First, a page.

“Lesbian gunslinger fights spies in space!”
That’s the first sentence for the description of this book on Goodreads. That’s kind of all you need to know, but if you want just a little bit more….
Rig, a blue, bald, headscarf-wearing alien, is a gunslinger and a thief. She’s a badass who knows that no one is looking out for herself beside herself. She’s fighting to stay safe in a universe that has three main factions fighting each other for territorial control. They can all just go to hell as far as she’s concerned. Until, that is, she gets a message from one of the factions that she used to belong to. They want something – something they claim she stole from them – and if she doesn’t return it, they’re going to kill Rig’s sister.
Rig gets a little bit of help – from her librarian girlfriend (June) and a mysterious bounty hunter (Ginka) – and they will fly to the ends of the galaxy to keep both her sister, and tens of millions of innocent souls, safe. Her sister will be killed if she doesn’t turn over what she stole, but if what she’s got (and has hidden) gets into the wrong hands (which is pretty much anyone’s hands), then a lot of people will die! It’s not a dilemma, it’s a challenge.
This is really just, fun space opera fiction. Lot’s of action surrounding a gruff, tough main character, and one crises/climax following another – bordering on too many, depending on how you like your space opera.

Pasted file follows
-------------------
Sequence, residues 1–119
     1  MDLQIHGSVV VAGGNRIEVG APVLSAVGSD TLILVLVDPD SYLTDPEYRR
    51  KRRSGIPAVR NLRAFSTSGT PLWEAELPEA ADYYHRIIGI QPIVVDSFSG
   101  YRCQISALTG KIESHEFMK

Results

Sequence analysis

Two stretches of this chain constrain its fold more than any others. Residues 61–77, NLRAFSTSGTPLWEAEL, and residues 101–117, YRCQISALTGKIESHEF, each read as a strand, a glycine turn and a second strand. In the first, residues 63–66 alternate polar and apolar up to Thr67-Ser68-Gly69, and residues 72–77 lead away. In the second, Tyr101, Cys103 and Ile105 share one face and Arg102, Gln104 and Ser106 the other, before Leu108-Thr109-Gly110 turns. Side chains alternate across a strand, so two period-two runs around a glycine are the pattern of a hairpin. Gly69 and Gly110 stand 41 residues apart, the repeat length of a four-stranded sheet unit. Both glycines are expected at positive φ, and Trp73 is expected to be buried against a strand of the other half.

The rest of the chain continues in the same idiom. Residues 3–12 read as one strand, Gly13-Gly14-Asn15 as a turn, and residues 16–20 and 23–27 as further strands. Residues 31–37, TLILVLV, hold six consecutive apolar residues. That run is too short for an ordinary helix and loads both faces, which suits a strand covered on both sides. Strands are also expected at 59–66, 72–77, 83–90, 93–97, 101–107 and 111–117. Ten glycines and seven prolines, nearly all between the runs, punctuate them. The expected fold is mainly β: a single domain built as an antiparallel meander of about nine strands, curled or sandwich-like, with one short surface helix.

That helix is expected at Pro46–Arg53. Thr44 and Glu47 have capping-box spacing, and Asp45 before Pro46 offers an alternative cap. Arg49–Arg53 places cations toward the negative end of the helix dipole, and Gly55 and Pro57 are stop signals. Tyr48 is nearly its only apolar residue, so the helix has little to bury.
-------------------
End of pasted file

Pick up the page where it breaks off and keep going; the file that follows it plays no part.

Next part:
What sets this apart (and I’m often complaining that books don’t set themselves apart from similar works enough) is the dominant female characters throughout. Even though Rig is a lot like every rogue male character you’ve ever read or seen, (does she chomp on a cigar?) the very fact that she is alien and she identifies as female, makes this just different enough, a different outlook on so many things. But at the same time, she’s got a very tender (ie feminine) side that we don’t often get to see in these reluctant, rogue hero types.
I did feel that author Ciel Pierlot did pull the trigger once too many times with the ending(s), but enough to make me dislike the book. Overall this was fun and I’m glad I read it. Would I read another book with these characters? Yes. Would I be actively seeking out such a book? No. It would be a case of me picking up a book at the store and reading the description and saying, “Oh yeah, I read Bluebird … that was pretty good. I could read this, too.”
Looking for a good book? Bluebird, by Ciel Pierlot, is rip-roaring space opera with a lesbian twist, which gives it just enough of an edge to make it stand out among all the other space operas out there.
I received a digital copy of this book from the publisher, through Netgalley, in exchange for an honest review.
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author: Ciel Pierlot
publisher: Angry Robot
paperback, 444 pages